Notes

Chapter 9: Fundamental Physics

Section 2: The Notion of Reversibility


Inverse [cellular automaton] rules

Some reversible rules are self-inverse, so that applying the same rule twice yields the identity. Other rules come in distinct pairs. Most often a rule that involves r neighbors has an inverse that also involves at most r neighbors. But for both k = 2, r = 2 and k = 3, r = 1 there turn out to be reversible rules whose inverses involve larger numbers of neighbors. For any given rule one can define the neighborhood size s to be the largest block of cells that is ever needed to determine the color of a single new cell. In general s 2 r + 1, and for a simple identity or shift rule, s = 1. For k = 2, r = 1, it then turns out that all the reversible rules and their inverses have s = 1. For k = 2, r = 2, the reversible rules have values of s from 1 to 5, but their inverses have values s from 1 to 6. There are only 8 rules (the inequivalent ones being 16740555 and 3327051468) where s > s, and in each case s = 6 while s = 5. For k = 3, r = 1, there are a total of 936 rules with this property: 576, 216 and 144 with s = 4, 5 and 6, and in all cases s = 3. Examples with s = 3, 4, 5 and 6 are shown below. For arbitrary k and r, it is not clear what the maximum s can be; the only bound rigorously established so far is s r + 1/2k2 r + 1 (k2 r - 1).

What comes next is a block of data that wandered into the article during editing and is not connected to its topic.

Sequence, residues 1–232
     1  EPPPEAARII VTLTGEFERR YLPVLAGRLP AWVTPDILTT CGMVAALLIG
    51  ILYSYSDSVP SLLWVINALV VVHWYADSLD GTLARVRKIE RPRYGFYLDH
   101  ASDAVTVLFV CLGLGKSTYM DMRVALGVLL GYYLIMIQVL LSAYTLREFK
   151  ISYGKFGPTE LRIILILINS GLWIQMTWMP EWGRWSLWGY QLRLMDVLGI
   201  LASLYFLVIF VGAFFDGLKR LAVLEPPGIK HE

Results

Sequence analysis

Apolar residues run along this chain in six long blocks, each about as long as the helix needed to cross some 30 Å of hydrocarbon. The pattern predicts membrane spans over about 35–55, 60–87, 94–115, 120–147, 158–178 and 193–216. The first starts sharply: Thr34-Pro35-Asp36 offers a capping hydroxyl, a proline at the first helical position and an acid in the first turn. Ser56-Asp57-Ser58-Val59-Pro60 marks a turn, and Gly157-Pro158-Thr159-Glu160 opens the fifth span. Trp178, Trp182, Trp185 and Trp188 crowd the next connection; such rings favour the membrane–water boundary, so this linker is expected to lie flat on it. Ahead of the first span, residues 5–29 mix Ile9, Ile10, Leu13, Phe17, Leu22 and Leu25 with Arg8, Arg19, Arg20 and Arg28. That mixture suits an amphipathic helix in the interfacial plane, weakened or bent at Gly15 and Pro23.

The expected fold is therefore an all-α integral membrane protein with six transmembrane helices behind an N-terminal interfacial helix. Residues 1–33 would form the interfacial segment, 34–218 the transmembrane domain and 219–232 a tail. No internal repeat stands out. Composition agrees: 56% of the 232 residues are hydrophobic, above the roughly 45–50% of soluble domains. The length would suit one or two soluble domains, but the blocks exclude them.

Inverse [cellular automaton] rules image 1



Image Source Notebooks:

From Stephen Wolfram: A New Kind of Science [citation]